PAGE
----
Snyder v. Phelps, which asks whether the First Amendment protects protesters at a military funeral from liability for intentional infliction of emotional distress, has already received considerable attention in the press. Now academics are weighing in on that question as well in an online symposium sponsored by the Cardozo Law Review.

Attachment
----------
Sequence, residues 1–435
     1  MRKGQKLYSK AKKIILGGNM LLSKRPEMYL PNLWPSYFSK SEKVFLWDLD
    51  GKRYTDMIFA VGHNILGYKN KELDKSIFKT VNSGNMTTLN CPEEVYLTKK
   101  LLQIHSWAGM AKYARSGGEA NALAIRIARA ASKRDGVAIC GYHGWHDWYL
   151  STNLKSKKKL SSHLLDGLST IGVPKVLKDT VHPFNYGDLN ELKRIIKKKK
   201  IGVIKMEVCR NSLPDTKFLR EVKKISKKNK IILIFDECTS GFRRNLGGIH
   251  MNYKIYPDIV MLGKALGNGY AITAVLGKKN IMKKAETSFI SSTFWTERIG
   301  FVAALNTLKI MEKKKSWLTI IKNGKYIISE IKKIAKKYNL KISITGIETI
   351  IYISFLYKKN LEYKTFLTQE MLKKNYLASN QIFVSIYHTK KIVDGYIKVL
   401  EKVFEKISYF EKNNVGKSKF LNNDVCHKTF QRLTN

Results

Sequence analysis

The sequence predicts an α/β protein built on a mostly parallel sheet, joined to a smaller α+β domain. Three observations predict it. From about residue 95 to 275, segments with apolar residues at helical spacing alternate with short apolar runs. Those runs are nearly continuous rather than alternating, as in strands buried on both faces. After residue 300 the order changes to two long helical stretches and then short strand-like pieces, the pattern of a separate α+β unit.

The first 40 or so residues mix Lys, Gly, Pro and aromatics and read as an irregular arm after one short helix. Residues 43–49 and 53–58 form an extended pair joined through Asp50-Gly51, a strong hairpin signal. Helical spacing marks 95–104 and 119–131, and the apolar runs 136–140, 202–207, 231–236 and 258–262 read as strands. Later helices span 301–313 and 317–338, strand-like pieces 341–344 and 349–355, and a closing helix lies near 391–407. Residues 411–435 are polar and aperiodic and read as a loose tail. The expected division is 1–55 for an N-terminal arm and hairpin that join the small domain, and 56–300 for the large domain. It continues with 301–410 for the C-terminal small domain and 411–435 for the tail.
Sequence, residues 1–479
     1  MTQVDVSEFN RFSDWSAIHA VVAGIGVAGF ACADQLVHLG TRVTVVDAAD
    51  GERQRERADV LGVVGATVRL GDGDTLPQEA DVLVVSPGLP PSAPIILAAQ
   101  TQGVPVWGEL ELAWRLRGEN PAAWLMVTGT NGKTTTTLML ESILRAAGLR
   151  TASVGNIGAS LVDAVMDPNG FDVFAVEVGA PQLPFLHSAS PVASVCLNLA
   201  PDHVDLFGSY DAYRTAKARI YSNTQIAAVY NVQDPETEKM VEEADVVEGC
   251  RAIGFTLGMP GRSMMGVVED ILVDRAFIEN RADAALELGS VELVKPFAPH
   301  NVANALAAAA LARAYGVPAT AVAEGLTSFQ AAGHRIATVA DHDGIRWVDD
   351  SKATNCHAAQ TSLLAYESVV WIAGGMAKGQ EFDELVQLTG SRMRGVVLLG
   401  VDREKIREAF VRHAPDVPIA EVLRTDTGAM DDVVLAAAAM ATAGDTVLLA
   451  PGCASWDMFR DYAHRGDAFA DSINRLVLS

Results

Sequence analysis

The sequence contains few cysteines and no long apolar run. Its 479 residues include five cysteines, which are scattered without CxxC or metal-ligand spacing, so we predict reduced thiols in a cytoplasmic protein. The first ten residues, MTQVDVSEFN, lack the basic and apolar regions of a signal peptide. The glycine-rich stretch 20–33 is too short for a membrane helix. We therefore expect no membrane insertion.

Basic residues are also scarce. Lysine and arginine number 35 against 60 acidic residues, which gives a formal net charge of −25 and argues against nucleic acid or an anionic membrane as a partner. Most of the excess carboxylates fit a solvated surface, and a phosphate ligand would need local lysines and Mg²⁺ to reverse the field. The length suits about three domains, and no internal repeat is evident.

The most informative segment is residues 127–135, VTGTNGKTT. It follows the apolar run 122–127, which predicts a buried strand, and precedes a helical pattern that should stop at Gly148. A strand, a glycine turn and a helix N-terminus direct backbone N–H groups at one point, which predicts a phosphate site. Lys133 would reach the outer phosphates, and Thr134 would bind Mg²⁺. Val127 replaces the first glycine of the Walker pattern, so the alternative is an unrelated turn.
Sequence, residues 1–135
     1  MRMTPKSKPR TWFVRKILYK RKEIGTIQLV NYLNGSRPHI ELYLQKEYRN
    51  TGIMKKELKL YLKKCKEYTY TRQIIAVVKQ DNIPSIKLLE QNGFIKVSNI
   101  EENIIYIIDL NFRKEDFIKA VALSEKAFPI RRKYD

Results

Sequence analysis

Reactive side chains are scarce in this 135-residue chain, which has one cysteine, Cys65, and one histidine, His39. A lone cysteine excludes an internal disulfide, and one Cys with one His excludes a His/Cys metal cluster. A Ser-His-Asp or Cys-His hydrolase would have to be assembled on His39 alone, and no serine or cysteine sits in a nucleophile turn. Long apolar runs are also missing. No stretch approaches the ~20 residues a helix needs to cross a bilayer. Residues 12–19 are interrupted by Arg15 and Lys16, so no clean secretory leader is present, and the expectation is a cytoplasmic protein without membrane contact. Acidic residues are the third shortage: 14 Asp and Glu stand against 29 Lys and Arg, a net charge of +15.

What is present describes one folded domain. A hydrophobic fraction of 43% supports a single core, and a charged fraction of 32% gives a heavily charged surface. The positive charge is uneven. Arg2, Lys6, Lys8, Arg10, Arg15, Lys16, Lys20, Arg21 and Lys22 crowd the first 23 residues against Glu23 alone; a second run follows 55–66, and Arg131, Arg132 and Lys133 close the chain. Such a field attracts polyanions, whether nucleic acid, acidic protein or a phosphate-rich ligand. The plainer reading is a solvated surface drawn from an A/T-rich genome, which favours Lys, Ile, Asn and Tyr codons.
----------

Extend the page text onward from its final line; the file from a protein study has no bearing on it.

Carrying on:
In his essay, Professor Eugene Volokh asserts that speech on matters of public concern, however outrageous, is protected by the First Amendment. Although he believes that the state may set some narrow and content-neutral limits on picketing near funerals, holding protesters liable for intentional infliction of emotional distress for such speech is too "vague, content-based, and potentially viewpoint-based.” Professor Jeffrey Shulman takes the opposite position, arguing that the protesters' public concerns have little connection to the funeral of a private citizen, and that the state has a substantial interest in protecting families' privacy during intimate moments of mourning. The other participants give further thoughts on how to reconcile the clash of interests presented by such cases.